In Praise of Copying


Free .pdf of complete text | Chapter 1 excerpt at PopMatters

My second full length book, In Praise of Copying, was published by Harvard University Press in Fall 2010.

The book is devoted to a deceptively simple but original argument: that copying is an essential part of being human, that the ability to copy is worthy of celebration, and that, without recognizing how integral copying is to being human, we cannot understand ourselves or the world we live in.

In spite of the laws, stigmas, and anxieties attached to it, the word “copying” permeates contemporary culture, shaping discourse on issues from hip hop to digitization to gender reassignment, and is particularly crucial in legal debates concerning intellectual property and copyright. Yet as a philosophical concept, copying remains poorly understood. Working comparatively across cultures and times, I undertake an examination of what this word means—historically, culturally, philosophically—and why it fills us with fear and fascination. I argue that the dominant legal-political structures that define copying today obscure much broader processes of imitation that have constituted human communities for ages and continue to shape various subcultures today.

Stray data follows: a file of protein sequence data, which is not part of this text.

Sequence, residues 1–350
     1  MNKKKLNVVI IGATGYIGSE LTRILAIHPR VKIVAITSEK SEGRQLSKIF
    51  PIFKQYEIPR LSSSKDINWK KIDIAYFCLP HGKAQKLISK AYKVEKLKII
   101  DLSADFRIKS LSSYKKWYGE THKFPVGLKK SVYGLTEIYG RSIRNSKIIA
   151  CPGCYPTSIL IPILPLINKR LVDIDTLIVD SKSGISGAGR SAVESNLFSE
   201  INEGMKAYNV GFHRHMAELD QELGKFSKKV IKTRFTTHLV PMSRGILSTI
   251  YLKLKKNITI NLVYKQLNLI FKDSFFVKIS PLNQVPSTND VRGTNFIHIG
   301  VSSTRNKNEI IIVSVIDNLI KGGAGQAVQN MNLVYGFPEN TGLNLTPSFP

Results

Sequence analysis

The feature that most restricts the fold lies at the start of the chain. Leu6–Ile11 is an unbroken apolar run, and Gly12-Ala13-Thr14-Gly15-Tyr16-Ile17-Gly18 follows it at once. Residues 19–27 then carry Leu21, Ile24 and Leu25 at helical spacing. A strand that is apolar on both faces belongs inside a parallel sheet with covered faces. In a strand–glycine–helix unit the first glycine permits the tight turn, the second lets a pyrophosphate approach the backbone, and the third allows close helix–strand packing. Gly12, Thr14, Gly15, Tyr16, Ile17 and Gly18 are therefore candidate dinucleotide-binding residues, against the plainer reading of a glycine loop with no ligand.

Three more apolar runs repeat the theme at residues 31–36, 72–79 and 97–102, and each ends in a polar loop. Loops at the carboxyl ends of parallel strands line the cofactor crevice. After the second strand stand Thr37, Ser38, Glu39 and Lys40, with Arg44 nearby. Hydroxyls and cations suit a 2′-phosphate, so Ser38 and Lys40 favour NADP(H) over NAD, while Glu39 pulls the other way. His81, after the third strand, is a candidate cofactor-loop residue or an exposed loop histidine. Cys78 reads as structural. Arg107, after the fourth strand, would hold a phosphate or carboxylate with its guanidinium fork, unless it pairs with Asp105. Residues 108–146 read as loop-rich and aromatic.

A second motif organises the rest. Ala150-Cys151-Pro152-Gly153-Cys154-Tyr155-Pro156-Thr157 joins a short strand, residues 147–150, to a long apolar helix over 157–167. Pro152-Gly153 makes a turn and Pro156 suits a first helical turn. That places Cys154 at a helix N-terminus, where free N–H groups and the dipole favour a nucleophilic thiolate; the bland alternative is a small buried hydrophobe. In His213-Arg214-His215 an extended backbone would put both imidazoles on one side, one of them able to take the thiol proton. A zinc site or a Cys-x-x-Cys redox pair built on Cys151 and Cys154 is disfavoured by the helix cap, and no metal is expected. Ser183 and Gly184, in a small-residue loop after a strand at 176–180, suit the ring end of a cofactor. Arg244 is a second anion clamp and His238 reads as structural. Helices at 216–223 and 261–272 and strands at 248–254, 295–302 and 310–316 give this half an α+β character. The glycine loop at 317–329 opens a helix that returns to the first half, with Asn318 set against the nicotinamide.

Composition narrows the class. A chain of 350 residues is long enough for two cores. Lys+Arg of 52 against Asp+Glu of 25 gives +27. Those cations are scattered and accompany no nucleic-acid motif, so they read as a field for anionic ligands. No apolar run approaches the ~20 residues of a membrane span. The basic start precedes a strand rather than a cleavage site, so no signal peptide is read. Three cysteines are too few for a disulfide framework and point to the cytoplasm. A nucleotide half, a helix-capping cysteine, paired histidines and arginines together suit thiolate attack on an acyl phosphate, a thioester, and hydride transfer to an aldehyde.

Drawing on contemporary art, music and film, the history of aesthetics, critical theory, and Buddhist philosophy and practice, In Praise of Copying seeks to show how and why copying works, what the sources of its power are, and the political stakes of renegotiating the way we value copying in the age of globalization.

Select Praise for In Praise of Copying

“Too important, and too ambitious, to ignore…” — Jess Row, The New Republic

“In some ways the disarming modesty and accessibility of Boon’s prose—something of a rarity in contemporary scholarship in the humanities that issues from academic presses—disguises its profound ambition. In Praise of Copying ranges widely in its interests and seriously and knowledgeably invokes the Western metaphysical tradition, contemporary post-structuralist theory, and the tradition of Mahayana Buddhism to suggest that commonplace distinctions between ‘genuine’ and ‘fake’ or ‘original’ and ‘copy’ compromise rather than enable a comprehensive and responsible understanding of ourselves and the world around us.” — James Williams, PopMatters

“A rich and contextual history of copying—with philosophical, etymological, and even biological threads…” — Jane Kim, Colombia Journalism Review

“Boon tries to challenge the very basic notions about copying, by analyzing it across time, culture and philosophy – making the reader rediscover itself and the world she lives in. He sees copying not as a limitation, but as an immense power waiting to be appreciated.” Alex Lungu, Copy-Me’s Top Ten Books on Copyright.